Potential for the use of hydroxylamine derivatives as wood preservatives.
The potential of 17 hydroxylamine derivatives as wood preservatives was assessed on ponderosa pine sapwood blocks exposed to one of two decay fungi: Gloeophyllum trabeum or Trametes versicolor. Weight losses on untreated controls were generally lower with the white-rot fungus (T. versicolor) averaging 30.4 percent, while those for the brown-rot fungus (G. trabeum) were 72.0 percent. None of the test chemicals completely inhibited weight loss, although one chemical was associated with lower weight losses at the highest concentration tested. The results suggest that the hydroxlamine derivatives evaluated have little potential as wood preservatives.
Conventional wood preservatives have provided excellent protection against wood-degrading organisms; however, increasing public mistrust of these chemicals has encouraged a search for alternative wood protection strategies that take advantage of the physiological capabilities of the target organisms. One approach is to use chelators to sequester elements required by fungi to initiate the decay process. Oxalic acid is produced by nearly all brown-rot fungi and its presence is believed to be necessary for the initiation of decay. Competitive compounds can negate the role of oxalic acid, thereby limiting decay initiation (Viikari and Ritschkoff 1992). Green et al. (1997) reported that the chelator N,N-naphthaloylhydroxylamine sharply reduced both fungal decay and termite attack of southern pine (Pinus spp.) sapwood. This report describes laboratory trials of 17 other hydroxylamine derivatives against white- and brown-rot fungi.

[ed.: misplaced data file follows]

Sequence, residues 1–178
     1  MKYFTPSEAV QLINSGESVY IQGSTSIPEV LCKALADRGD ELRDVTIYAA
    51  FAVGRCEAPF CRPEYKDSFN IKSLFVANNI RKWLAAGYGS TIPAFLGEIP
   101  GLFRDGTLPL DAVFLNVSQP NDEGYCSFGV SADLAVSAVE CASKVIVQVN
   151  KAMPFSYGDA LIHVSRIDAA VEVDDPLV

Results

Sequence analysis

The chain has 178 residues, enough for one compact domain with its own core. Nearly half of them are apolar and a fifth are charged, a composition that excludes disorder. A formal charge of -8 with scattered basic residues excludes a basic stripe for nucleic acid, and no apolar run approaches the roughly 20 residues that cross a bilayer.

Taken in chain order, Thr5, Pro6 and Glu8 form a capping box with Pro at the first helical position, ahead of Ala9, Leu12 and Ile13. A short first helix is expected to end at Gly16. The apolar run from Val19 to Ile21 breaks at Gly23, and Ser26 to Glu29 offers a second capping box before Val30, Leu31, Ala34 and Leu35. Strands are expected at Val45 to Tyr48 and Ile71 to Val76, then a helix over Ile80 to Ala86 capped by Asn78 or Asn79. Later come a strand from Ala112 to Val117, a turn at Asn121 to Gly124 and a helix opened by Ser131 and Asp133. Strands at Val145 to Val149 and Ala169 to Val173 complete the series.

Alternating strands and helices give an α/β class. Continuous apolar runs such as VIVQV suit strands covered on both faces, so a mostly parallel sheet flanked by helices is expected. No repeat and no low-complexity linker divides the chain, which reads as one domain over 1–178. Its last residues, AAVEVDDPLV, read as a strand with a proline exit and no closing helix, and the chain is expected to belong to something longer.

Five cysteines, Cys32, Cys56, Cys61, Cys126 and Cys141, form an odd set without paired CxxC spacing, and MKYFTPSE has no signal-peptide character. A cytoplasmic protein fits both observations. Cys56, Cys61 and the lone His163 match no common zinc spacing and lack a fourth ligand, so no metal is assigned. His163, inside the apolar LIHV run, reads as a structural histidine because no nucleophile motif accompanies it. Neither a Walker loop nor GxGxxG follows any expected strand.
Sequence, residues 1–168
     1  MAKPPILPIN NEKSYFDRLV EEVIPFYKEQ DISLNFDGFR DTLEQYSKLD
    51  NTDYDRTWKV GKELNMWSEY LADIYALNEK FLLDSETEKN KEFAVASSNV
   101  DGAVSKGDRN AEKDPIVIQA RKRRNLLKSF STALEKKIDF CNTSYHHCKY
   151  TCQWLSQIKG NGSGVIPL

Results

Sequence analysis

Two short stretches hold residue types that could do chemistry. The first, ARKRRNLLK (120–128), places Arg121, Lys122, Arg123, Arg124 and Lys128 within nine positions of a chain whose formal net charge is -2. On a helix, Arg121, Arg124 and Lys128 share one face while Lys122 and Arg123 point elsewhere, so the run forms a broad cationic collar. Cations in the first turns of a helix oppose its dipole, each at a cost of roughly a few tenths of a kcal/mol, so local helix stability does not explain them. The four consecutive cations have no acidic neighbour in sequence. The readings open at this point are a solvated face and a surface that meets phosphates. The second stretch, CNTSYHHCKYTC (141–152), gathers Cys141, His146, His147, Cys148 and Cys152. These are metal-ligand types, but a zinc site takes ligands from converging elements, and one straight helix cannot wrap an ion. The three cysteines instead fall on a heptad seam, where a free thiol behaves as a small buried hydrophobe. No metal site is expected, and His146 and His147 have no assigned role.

Materials and methods
The efficacy of the compounds was examined by using a scaled-down version of the soil block test (AWPA 1999) developed by Scheffer et al. (1987). Ponderosa pine sapwood (Pinus ponderosa Laws.) samples (10 by 10 by 5 mm long) were ovendried (104[degrees]C) and weighed (nearest 0.001 g), then treated with solutions of 0.5, 1.0, or 2.0 percent of 1 of 17 compounds (Table 1) using a double vacuum process (20 min. @ 800 kPa vacuum, drop solution, release vacuum, apply 20 min. vacuum, and release). The blocks were then blotted dry and reweighed to determine net solution uptake, then covered with moist paper and left for 24 hours at room temperature (21[degrees] to 23[degrees]C) to allow any wood/chemical reactions to proceed. The blocks were ovendried (104[degrees]C) and weighed. Each treatment was replicated on 12 blocks.
The blocks were then placed into sealable plastic bags and sterilized by exposure to 2.5 mrads of ionizing radiation from a cobalt 60 source.
Decay chambers were 30-mL glass bottles, which were half filled with a moist garden loam. A 10- by 10- by 2-mm-long thick strip of red alder (Alnus rubra Bong.) for the white-rot fungus or western hemlock (Tsuga heterophylla (Raf.) Sarg.) for the brown-rot fungus was placed on the surface, then the jars were loosely capped and autoclaved for 45 minutes at 121[degrees]C. After cooling overnight, the jars were autoclaved for 15 minutes at 121[degrees]C to kill any spore-forming bacteria.